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Tuesday, 14 August 2012
Page: 8536

Ms JULIE BISHOP (CurtinDeputy Leader of the Opposition) (17:30): Over the last two days we have witnessed the public humiliation of a government that is too arrogant, too stubborn and too stupid to acknowledge its abject policy failures and to admit that it was wrong—dreadfully, manifestly and tragically wrong—and too craven to say sorry to the Australian people for its policy failures. Over the last four years the Australian public has witnessed one of the greatest policy failures in a generation. This government changed the laws which had provided a solution to the problem of people smuggling and then put in place policies which encouraged criminal syndicates of people smugglers—indeed, gave them licence—to restart their trade, which had been dismantled. The government then saw the recommencement of the people-smuggling trade with boats arriving day after day, month after month and wave after wave. On this government's watch there have been over 22,000 boat arrivals, 1,000 deaths at sea—that we know of—and a cost blowout of $4.7 billion. A government like this should be condemned rather than stand up here seeking congratulations for grudgingly accepting what the coalition has advised, asked and pleaded that the government do over the last four years—that is, pick up the telephone, speak to the President of Nauru and reopen the processing centre on Nauru. That is what they are going to do today—put through legislation to reopen the very same processing centre on Nauru which was opened under the previous government.

The Prime Minister admitted today in question time that she was the substantive author of Labor's failed former policy. In fact, back in 2010, the Prime Minister boasted to Laurie Oakes on the Nine Network that she was the substantive author of the policy paper which became Labor's policy. With what appears in retrospect to be gallows humour, her policy was called 'Protecting Australia and Protecting the Australian Way'. In October 2002, the now Prime Minister, proud to be the author of a policy that was going to close down Nauru, called the processing centre on Nauru an 'unsustainable fiasco'. Labor, on coming to office, implemented this Prime Minister's policy. It dismantled the Howard government's policies, which had worked to stop the boats. It closed down Nauru and trumpeted this as some sort of great policy win. It abolished temporary protection visas. It dismissed the policy of turning back the boats. Together, all those Howard government policies had very effectively worked to stop the boats.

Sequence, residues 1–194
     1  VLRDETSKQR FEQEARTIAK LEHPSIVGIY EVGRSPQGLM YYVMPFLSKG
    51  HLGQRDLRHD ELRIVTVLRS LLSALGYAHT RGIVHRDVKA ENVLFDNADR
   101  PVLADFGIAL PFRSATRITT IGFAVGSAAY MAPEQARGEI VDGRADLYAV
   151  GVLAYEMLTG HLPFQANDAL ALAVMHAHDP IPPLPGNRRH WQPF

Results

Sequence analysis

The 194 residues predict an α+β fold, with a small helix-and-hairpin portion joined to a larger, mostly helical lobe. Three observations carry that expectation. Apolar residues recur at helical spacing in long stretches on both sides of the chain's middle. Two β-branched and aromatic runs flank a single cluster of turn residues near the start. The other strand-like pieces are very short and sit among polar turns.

We warned time and time again that this was sending the wrong message; that the people smugglers would take heart from Labor's position; that the people-smuggling trade would restart; that people would take the terrible journey and come by boat; and that there would be consequences, including deaths at sea. In response we were lectured, we were hectored, we were verbally abused, we were told that we were wrong and we were accused of being inhumane. But we understood that it was not humane to allow people smugglers to lure people to take the dangerous journey across the sea and, in the case of nearly 1,000 people that we know of, be lured to their deaths.

Remember when the Prime Minister, when she was the shadow immigration minister, put out a press release entitled 'Another boat, another policy failure' upon the arrival in Australian waters of just the third boat in three years? Since then 360 boats have arrived—and, by the Prime Minister's own benchmark, that is 360 policy failures. Under the Westminster system of ministerial responsibility, heads in this government should have rolled. Ministers for immigration should have resigned—first Senator Evans and now, I am sorry to say, the minister at the table. The member for McMahon should have resigned under the Westminster system of ministerial responsibility. He offered his resignation when he was rolled in cabinet for putting up the very proposal that the government has now accepted. He put up his proposal last October, and over 300 deaths have occurred since that time. If this Prime Minister had accepted the advice of her immigration minister last October, the tragic events that we have since seen would not have occurred. This minister, having been rebuffed in that way, should have resigned. The cost blowout alone should have triggered ministerial resignations. There has been a $4.7 billion cost blowout as well as 1,000 deaths at sea and the complete decimation of our border protection system. Also, the government has had to open detention centres across Australia after the Prime Minister solemnly promised the Australian people at the last election that she would not be doing so.

But, above all, this was the Prime Minister's policy, and her stubbornness—indeed, her arrogance—since 24 June 2010, when she knifed a first-term Prime Minister to take his job, when she said that a government had lost its way and named border protection as one of those areas. It was at that time that she should have rejected utterly her policy, or the document of which she was a substantive author. She should have then accepted responsibility for her policy mistakes, she should have apologised and she should have accepted the advice of the coalition that the Nauru processing centre should be reopened, temporary protection visas should be reintroduced and the Navy should be directed, in circumstances where it was safe to do so, to turn back the boats.

Indeed, the Prime Minister should have resigned over this shameful affair. But she will not resign. The Prime Minister has no shame, no sense of decency and no sense of responsibility. The Prime Minister, as the national leader of this country, should steer Australia's moral compass. She should provide guidance and direction and leadership. Yet from every perspective, at every step of the way on this shameful journey during this Prime Minister's watch, she has failed each and every standard that the Australian people should be entitled to expect of their national leader.